We live in a beautiful world. A world in which collective effort yielded an uncountable variety of awe-inspiring creations. Collective engineering by over 80 developers created the Gujarat Solar Park, the largest of Asia, preventing 8 million tonnes of CO² being released in the air every year. The collective of farmers exchanging seed varieties creates resilient and nutritional seeds in an ecologically friendly way. Millions of authors created Wikipedia, the most comprehensive encyclopedia to date. More than a 1000 architects and others collaborated to create the Sagrada Familia, considered by many to be among the most inspiring buildings in the world. Collective peaceful resistance, led by Gandhi, overthrew India’s colonial rulers. More than 1000 scientists and engineers from over 100 nations joined forces to create the Large Hadron Collider, the biggest machine ever built, advancing our understanding of the universe. Through collective music making, symphony orchestras bring Arvo Pärt’s impressive 4th symphony to our ears. Over 4000 open source developers created Linux, which is among the best operating systems in the world. Through crowdsourcing, more than 300.000 amateur planet hunters discovered more planets than ever before. Nanquanu was born from the desire to contribute to the growth of collective creativity. We also live in a world that is highly fragmented. At best, this fragmentation hampers the expression of creativity. At worst, it is highly destructive. Humanity’s almost exclusive focus on a fragment of the ecosystem, human economy, destroys species at an unprecedented rate, and endangers humanity’s own existence. Only a fragment of the human population has access to high-quality education. Most schools, companies and other organisations focus on a fragment of human traits and capabilities, denying those with other gifts to find their natural place. They neglect several traits and capabilities essential for personal and collective well-being. Many people focus on their individual fragment of existence, blind for the negative effects on other people and life forms. In spite of modern communication technology, many valuable insights and discoveries are trapped for a long time in fragments of the community for a long time, before they find their way to others that could benefit from it. Many people only focus on only a fragment of their own being, such as material well-being, career, or amusement, neglecting questions about the meaning and purpose of life, and their place in it, contributing to behaviours that do more harm than good. Hence, fragmentation stretches along many axes: personal, social, scientific, technological and philosophical. Nanquanu was founded out of the desire to help reduce some of this fragmentation.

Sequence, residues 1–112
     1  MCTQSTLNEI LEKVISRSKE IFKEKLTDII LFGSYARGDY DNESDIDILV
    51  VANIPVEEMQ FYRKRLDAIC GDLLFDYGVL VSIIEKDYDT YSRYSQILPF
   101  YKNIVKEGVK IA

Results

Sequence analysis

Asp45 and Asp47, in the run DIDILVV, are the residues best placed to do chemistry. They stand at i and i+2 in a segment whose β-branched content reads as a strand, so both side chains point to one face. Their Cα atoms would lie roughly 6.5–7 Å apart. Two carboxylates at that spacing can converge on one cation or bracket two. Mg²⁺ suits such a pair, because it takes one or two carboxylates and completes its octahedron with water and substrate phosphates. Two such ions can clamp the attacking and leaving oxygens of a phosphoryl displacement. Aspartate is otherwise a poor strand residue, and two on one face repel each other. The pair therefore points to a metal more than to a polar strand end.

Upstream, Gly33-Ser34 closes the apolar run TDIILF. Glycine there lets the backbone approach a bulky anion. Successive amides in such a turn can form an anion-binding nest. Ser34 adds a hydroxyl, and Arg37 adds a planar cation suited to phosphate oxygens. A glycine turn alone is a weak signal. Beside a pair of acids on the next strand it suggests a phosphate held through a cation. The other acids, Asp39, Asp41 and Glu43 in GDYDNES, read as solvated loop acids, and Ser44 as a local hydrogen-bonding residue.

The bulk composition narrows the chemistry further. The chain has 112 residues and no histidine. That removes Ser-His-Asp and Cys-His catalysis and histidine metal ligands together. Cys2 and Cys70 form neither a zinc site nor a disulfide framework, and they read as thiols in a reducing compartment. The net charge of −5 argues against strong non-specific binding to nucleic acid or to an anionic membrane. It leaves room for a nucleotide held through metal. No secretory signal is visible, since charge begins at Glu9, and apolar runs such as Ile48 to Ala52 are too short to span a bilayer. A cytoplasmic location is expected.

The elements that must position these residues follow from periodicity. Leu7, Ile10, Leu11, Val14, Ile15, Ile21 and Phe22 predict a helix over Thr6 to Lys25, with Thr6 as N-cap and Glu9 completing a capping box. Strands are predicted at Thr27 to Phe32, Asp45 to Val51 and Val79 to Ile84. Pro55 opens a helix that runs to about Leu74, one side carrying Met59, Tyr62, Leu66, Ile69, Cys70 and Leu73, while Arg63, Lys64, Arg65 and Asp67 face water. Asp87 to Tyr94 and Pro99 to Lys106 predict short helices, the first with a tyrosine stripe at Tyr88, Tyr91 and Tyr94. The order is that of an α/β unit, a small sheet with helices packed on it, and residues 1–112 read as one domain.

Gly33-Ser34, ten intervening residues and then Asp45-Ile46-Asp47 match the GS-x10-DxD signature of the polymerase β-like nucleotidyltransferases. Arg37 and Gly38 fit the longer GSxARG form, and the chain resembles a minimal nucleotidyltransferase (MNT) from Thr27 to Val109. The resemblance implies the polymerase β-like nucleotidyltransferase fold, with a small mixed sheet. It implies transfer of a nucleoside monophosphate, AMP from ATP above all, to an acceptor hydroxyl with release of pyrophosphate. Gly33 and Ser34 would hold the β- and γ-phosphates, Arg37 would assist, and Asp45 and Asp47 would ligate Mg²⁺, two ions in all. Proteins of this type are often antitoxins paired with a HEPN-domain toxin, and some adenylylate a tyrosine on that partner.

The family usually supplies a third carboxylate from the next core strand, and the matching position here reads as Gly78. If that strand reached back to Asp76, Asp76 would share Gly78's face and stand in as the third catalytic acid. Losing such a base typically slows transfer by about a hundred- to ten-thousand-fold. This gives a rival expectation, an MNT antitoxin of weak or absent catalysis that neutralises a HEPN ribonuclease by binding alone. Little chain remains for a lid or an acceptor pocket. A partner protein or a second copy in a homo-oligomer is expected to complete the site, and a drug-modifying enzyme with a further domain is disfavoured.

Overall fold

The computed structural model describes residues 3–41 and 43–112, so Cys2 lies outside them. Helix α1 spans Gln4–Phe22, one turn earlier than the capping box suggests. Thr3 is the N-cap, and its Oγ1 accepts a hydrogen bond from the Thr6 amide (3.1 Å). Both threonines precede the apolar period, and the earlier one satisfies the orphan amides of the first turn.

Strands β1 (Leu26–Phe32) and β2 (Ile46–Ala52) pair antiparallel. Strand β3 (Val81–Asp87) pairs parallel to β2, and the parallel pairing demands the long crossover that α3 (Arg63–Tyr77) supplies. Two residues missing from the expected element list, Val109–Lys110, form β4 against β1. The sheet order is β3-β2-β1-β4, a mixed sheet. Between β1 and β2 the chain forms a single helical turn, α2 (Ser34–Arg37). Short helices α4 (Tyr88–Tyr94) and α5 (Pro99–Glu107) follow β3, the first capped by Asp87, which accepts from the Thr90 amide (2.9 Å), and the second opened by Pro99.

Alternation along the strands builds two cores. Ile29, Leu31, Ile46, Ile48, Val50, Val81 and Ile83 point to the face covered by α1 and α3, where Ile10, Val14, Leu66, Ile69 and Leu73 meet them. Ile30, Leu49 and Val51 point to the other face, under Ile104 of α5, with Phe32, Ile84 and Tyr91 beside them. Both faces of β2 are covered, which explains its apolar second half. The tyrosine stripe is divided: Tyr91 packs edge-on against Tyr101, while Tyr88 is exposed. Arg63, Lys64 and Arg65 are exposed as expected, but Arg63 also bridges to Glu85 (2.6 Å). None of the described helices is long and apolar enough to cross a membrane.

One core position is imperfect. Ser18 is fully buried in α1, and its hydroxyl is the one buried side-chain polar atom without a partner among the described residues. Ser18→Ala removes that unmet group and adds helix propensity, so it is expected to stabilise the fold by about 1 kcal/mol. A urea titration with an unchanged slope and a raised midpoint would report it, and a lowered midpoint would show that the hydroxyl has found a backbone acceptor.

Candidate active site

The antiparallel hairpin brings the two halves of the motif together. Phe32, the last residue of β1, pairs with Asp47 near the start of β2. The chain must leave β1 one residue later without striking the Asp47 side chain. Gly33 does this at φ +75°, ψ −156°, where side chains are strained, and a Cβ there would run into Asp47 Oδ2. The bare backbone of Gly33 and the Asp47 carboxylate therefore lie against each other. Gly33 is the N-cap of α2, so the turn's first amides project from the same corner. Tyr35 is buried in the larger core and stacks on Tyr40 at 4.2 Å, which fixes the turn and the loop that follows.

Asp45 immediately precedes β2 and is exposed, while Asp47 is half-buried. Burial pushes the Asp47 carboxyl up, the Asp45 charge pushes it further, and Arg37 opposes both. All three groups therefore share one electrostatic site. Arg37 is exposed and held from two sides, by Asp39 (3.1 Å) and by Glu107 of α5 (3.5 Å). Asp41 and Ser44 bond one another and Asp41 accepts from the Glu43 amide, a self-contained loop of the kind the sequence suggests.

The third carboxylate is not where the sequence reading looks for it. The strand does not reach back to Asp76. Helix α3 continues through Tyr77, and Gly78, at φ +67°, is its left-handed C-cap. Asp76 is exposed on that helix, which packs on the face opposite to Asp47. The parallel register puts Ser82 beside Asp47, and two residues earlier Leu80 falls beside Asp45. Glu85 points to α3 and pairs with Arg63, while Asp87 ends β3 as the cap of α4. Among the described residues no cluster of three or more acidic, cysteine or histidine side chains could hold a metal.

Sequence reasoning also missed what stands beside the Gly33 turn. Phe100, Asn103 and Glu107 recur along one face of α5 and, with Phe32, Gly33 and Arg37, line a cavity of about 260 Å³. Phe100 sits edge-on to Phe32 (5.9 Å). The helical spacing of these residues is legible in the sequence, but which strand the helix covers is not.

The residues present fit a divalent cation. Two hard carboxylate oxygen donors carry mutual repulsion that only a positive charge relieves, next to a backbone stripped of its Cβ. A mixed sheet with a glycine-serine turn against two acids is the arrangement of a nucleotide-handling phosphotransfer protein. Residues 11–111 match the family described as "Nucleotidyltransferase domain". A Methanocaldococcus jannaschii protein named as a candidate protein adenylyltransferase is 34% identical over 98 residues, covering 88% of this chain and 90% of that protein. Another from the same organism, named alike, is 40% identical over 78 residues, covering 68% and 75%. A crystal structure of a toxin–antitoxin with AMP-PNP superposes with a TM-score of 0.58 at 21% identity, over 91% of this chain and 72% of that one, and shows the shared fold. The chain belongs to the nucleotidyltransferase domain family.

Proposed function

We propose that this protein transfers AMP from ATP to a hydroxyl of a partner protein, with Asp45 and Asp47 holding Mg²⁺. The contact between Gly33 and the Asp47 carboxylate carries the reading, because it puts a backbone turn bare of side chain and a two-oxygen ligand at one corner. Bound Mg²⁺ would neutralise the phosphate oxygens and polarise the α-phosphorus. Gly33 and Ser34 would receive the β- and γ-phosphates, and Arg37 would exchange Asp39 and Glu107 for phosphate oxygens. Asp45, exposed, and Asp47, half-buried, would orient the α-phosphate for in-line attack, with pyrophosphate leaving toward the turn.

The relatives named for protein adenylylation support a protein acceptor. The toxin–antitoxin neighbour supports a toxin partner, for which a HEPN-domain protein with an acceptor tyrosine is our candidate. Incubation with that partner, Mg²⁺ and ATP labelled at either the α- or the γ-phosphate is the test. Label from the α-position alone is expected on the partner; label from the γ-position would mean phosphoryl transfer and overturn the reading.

Aka Roeleke Schepers

“As long as I can remember, I had always a millions questions about WHY we do the things in school as we do. It didn’t make any sense to me. With the new technologies available now a day, it is possible to make huge paradigm shifts to a more effective and meaningful approach. To learn and express ourselves in our own unique way, at our own speed, in that what is in our best interest. NQ is a new brilliant intelligent system what creates, facilitate and support new learning possibilities. That excites me! It’s up to us, the collective, to redirect our focus to a world we want to live in, by helping each other grow.

There is nothing more exciting to me than discovering the possibilities in this life. To break with old paradigms and systems of limitations for the purpose of having fun and to be of service to humanity. I have a strong desire to be of service to this world according to my highest potential. Systems like NQ is were I highly believe in to make a change. I am working on projects like NQ to learn and to increase consciousness in new playful ways.”